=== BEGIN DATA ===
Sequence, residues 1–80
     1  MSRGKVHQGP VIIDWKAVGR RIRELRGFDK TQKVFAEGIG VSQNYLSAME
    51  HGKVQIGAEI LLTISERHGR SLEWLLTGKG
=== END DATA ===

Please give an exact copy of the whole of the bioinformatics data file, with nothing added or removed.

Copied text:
Sequence, residues 1–80
     1  MSRGKVHQGP VIIDWKAVGR RIRELRGFDK TQKVFAEGIG VSQNYLSAME
    51  HGKVQIGAEI LLTISERHGR SLEWLLTGKG